For those of us who live in increasingly complex family constellations, flood them with love (even when and where you are reluctant to do so – especially when you are reluctant to do so) and see how much love comes flooding back to you.  It is enough.  We are enough.  You are enough.  And in being enough, somehow we become more than enough and delight fills the space, as does joy and wonder.

I and my children may not live or experience a “traditional” family unit, but we fully live and experience the one that has unfolded in our lives, we are grateful for each other and the fullness of our family constellations and find our selves in a beauty and grace to be treasured.

11 thoughts on “Reconstituted Families and the Holidays

  1. So beautiful, dear Kathy. I am familiar with the term “family constellations” but as I read your rich description of yours, I can really see the brilliance of the stars and suns and planets that our family members are, orbiting and shining on each other. Thank you for sharing your discovery of delight. I love this phrase particularly: “I don’t need to be in their presence to feel full of them – although I love being in their presence too.”

    Happiest of New Years to you! love, Christy

    • Dear Christy, This is all new learning for me in some ways – understanding the infinite-ness of the universe and of being and thus of relationships. As I feel full with them I can honour their journeys as deeply as my own, even when that takes them away from me. It also contributes deeply to my ability to be in the present moment and not wishing for what isn’t in this moment. Big hugs and may our paths cross in person in 2011. Kathy

  2. It seems to me, more and more, that Christmas is losing it’s essence of tradition and moving into an acceptance of what is in the moment. This year I had the surprise of my children (20 and 22) wanting to opt out of the rushing and commitments of Christmas and just treat it like any other day. As a parent, I felt like I had to at least put up a tree to keep tradition alive, even though I was feeling the same way as they were about commitment. So, it seems that in these new energies that much is changing ~ the tradition of family and many other traditions that society would have us hang on to. For me the wisdom is in trusting my heart and allowing the old to slip away. For indeed, there is great beauty in the new and unfolding acceptance of what is.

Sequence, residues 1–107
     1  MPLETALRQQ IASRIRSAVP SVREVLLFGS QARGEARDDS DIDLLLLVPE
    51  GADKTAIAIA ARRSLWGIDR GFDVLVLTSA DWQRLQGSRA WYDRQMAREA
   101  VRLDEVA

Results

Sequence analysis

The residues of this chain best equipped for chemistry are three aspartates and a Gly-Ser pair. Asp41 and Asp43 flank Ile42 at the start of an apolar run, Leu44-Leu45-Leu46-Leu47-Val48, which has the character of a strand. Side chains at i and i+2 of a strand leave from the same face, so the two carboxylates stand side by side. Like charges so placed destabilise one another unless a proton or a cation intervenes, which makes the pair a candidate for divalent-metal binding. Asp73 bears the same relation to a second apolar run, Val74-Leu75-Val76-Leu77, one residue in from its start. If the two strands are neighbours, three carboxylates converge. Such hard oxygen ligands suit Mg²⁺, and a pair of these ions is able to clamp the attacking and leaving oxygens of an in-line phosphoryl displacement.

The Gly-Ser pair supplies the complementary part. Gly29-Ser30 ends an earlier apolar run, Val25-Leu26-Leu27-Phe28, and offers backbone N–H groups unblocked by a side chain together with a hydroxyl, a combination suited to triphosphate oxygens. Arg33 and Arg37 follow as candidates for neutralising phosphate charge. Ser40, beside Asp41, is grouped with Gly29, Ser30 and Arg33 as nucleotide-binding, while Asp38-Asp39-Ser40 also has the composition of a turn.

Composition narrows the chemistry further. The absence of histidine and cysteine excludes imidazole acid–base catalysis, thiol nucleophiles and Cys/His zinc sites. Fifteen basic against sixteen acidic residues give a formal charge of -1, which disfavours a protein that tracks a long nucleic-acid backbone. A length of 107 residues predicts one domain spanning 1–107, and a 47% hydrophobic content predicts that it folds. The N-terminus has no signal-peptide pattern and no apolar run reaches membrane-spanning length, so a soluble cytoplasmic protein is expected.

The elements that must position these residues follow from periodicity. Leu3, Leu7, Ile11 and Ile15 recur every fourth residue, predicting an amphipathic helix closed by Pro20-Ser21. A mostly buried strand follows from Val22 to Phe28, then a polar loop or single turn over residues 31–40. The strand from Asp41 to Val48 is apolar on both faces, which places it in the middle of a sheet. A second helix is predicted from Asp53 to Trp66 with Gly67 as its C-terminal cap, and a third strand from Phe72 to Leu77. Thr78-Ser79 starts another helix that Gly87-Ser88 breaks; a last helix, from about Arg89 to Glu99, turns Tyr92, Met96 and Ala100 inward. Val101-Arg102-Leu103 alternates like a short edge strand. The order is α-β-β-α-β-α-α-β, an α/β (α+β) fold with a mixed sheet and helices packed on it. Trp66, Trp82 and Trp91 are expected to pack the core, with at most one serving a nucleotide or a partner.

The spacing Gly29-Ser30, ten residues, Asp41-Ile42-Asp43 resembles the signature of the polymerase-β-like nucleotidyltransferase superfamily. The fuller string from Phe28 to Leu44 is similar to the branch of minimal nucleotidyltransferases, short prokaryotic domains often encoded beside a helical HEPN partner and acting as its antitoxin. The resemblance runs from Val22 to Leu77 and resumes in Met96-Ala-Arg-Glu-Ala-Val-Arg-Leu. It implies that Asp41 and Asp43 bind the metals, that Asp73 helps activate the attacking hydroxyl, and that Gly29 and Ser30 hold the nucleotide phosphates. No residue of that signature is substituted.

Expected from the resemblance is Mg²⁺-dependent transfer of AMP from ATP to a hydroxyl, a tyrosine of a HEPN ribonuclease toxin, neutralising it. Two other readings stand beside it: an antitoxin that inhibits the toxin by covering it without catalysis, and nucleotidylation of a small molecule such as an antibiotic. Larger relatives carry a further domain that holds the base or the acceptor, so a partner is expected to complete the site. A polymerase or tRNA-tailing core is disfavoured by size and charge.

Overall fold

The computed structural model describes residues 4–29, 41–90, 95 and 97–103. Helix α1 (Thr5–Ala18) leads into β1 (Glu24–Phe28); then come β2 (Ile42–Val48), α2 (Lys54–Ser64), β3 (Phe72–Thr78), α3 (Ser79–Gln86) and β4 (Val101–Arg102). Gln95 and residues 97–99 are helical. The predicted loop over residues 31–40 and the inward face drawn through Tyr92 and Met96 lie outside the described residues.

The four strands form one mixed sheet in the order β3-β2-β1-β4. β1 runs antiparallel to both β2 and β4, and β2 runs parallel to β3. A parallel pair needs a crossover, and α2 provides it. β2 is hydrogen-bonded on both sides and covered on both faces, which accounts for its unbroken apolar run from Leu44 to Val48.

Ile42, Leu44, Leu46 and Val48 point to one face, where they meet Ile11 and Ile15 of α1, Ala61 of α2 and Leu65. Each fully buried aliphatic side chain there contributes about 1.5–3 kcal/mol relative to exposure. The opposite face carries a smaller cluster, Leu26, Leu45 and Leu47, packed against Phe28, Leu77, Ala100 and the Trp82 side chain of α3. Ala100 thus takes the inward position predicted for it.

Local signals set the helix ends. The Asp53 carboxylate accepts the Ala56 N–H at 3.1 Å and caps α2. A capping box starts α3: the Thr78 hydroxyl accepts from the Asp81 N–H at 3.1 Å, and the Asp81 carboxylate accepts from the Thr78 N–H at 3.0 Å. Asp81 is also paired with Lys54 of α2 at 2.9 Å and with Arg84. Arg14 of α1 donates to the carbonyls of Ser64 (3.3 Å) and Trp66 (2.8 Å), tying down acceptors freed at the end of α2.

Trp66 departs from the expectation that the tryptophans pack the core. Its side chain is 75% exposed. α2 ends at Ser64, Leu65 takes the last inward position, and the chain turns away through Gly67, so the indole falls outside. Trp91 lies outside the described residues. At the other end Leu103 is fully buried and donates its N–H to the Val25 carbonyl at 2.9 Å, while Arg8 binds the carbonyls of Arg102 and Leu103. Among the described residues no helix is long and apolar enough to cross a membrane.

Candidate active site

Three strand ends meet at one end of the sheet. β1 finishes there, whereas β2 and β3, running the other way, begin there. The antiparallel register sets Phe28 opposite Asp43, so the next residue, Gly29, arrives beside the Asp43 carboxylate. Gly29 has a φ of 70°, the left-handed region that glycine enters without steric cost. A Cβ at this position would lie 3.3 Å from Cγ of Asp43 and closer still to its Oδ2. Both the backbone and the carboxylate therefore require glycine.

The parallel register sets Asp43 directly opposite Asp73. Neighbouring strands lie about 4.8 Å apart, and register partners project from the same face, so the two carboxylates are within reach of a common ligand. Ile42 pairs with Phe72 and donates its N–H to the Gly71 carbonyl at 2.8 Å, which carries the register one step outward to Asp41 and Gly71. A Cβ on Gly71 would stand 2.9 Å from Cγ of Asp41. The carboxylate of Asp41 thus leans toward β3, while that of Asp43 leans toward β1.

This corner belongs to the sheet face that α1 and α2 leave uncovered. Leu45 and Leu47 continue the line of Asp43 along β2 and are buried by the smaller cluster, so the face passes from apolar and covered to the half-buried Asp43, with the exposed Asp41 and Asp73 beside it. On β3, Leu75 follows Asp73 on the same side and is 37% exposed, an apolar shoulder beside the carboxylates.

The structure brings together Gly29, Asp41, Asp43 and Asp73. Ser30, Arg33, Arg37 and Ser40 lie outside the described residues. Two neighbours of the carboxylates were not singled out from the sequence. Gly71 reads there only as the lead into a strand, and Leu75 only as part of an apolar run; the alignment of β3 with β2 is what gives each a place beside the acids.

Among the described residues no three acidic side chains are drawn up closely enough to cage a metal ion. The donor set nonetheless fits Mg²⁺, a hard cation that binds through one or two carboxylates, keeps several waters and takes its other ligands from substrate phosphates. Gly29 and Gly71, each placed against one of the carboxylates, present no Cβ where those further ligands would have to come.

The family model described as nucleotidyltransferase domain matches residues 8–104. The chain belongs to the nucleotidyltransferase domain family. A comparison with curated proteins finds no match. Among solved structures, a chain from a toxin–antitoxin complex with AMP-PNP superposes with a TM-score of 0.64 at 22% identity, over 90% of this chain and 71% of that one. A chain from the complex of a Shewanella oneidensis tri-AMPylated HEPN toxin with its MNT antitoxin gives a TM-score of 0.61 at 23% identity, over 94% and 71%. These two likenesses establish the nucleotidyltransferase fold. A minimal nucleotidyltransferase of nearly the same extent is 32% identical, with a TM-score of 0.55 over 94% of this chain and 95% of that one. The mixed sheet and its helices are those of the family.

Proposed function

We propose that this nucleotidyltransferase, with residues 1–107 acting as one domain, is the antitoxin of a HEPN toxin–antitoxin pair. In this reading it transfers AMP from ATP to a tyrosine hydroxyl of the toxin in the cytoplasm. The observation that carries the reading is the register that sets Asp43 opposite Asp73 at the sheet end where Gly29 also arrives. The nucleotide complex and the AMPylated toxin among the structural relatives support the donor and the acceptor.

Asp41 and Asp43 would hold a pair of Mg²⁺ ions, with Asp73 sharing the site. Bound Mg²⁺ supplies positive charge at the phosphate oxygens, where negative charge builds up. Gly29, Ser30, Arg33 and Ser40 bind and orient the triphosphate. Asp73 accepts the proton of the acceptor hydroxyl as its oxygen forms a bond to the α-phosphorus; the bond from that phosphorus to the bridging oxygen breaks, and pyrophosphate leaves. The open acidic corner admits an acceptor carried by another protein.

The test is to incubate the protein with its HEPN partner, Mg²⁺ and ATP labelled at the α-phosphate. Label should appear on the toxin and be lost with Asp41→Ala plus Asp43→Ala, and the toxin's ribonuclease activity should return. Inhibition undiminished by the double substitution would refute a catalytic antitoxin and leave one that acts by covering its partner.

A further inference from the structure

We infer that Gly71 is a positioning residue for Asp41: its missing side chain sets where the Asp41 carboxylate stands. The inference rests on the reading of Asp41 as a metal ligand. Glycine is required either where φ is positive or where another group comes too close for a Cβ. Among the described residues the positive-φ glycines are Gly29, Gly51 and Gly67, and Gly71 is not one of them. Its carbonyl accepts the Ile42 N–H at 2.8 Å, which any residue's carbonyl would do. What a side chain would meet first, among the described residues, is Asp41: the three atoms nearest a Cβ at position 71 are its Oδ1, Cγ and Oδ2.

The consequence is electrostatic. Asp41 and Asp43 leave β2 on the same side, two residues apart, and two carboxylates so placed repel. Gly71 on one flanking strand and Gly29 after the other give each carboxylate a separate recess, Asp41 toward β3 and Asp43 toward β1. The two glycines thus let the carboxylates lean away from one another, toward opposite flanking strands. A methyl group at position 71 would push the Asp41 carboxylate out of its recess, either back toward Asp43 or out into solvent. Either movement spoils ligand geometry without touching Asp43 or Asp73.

Thanks for the moment to ponder …

    • Dear Rashana,

      I love this…. what is it we are hanging onto that no longer serves us and what is it that is truly important? If it is not the depth of relationship with loved ones – however that shows up, and it certainly shows up in different ways with different members of my family and my cherished relationships and with self and in honouring self and self guidance – then I don’t know what that is.

  3. Kathy,
    I am awed by your words as they arrive to address my need to create experiences that resonate with a new vision of family. With gratitude for your sharing of self.

  4. Kathy

    This is lovely and has lots of food for thought. Families and traditions are complicated and often fraught with stress and expectations – ongoing works in progress!

    I also second what Anne said and thank you for sharing. I truly admire your ability to share yourself so freely and generously.


  5. Pingback: Tis the Season of Joy — And Sorrow « ShapeShift

  6. Pingback: Tis the Season – Of Joy and Sorrow « Kathy Jourdain